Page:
This Article investigates the nature and extent of the protection granted to children's rights in the South African Constitution. It concludes that the child-centered approach of the Constitution entitles children, as independent actors, to certain fundamental rights. Acknowledging both the parent-centered nature of the existing South African legal framework and the entrenched support for practices, many rooted in indigenous law and tradition, that contribute to the oppression of children, the author argues that the constitutionalization of these rights will contribute to the betterment of children in South Africa, proving to be more than mere moral exhortation. Under apartheid in South Africa. children, who were treated only as objects of parental concern and not as independent actors, were left to the mercy of the state. As a result, they lost any claim to their fundamental rights. This Article argues that recognition of the inalienable rights of children, in fact and not just in the Constitution, is the critical step in improving children's lives and ensuring the future of a democratic South Africa. Specifically, constitutionalization provides a basis for challenging racially structured and parent-centered child welfare laws and practices.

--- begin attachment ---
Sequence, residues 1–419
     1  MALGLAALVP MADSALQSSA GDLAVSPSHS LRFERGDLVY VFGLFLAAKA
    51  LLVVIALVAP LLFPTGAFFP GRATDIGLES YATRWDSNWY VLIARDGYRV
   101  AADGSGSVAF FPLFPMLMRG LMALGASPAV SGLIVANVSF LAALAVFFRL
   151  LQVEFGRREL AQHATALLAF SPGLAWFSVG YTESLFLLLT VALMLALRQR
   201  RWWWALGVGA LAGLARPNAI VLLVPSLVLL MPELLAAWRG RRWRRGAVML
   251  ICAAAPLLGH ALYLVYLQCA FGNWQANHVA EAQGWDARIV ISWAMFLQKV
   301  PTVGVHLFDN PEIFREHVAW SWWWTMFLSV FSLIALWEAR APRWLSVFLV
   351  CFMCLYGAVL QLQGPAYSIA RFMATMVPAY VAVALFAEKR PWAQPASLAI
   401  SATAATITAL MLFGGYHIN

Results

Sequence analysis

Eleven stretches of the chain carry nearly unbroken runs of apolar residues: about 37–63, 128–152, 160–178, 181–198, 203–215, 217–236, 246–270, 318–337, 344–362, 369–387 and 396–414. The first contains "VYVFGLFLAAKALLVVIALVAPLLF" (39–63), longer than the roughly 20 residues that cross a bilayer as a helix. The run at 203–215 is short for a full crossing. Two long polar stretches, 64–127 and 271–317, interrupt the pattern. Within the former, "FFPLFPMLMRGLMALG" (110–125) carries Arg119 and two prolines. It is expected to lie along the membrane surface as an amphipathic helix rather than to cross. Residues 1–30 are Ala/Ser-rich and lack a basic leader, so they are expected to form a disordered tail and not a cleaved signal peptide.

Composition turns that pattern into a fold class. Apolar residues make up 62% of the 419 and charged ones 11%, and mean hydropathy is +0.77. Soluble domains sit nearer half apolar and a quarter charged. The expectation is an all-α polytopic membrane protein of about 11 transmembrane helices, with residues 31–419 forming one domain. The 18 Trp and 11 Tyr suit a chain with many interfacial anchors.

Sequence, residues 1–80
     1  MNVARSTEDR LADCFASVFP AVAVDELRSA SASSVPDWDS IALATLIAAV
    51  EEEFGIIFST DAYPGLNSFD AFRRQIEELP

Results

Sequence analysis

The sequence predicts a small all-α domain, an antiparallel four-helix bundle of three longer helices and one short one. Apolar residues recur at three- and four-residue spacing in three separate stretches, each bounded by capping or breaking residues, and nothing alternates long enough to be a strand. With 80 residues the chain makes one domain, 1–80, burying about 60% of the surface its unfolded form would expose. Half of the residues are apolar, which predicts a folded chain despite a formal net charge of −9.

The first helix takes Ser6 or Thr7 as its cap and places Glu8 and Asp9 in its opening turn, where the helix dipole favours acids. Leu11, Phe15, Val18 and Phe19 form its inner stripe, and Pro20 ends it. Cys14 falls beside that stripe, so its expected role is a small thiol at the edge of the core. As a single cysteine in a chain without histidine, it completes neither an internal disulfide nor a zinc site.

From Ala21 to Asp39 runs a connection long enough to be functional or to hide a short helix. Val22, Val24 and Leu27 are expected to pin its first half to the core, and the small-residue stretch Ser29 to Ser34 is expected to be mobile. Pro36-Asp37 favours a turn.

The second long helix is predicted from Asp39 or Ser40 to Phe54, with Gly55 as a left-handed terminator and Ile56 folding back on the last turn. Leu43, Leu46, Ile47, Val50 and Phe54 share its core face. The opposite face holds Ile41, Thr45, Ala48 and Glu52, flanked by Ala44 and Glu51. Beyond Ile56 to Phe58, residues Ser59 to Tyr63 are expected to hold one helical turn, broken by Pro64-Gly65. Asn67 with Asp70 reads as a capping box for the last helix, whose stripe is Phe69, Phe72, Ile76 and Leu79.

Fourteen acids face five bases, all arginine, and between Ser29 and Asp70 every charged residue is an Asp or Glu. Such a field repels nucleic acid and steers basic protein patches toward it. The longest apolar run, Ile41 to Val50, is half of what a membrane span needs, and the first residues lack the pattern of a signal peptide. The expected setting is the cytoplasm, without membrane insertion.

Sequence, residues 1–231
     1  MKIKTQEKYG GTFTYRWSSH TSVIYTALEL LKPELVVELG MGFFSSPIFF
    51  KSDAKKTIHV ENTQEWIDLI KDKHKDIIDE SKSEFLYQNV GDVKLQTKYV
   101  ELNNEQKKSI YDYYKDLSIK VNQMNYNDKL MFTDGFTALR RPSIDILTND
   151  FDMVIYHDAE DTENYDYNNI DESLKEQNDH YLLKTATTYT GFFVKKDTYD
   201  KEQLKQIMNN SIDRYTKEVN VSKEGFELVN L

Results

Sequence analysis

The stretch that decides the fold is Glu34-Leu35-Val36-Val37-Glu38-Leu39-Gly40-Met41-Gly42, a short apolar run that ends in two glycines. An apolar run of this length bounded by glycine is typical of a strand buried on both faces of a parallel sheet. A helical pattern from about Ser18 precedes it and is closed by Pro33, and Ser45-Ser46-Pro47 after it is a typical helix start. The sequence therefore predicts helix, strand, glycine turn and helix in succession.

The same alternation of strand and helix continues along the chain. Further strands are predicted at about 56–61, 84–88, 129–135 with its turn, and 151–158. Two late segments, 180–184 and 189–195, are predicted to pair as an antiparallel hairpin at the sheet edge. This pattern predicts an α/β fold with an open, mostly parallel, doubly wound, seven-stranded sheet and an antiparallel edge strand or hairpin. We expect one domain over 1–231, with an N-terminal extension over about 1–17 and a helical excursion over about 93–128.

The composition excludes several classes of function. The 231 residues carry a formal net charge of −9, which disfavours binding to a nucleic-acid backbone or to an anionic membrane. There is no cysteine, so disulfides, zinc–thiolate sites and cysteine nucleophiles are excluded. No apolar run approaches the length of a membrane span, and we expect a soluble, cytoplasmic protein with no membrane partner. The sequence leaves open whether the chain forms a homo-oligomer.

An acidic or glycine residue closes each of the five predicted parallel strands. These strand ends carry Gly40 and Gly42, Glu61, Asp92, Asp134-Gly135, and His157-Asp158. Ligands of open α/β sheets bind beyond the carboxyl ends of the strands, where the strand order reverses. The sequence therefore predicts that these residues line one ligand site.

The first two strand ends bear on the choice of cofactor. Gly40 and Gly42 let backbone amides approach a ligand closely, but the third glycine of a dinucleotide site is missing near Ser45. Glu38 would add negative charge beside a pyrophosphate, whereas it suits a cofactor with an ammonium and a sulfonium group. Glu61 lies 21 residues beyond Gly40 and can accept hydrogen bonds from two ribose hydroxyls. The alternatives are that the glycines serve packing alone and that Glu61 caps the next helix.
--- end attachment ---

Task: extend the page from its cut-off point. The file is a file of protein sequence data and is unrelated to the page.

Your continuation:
Tshepo L. Mosikatsana,
Children's Rights and Family Autonomy in the South African Context: A Comment on Children's Rights Under the Final Constitution,
Mich. J. Race & L.
Available at: https://repository.law.umich.edu/mjrl/vol3/iss2/2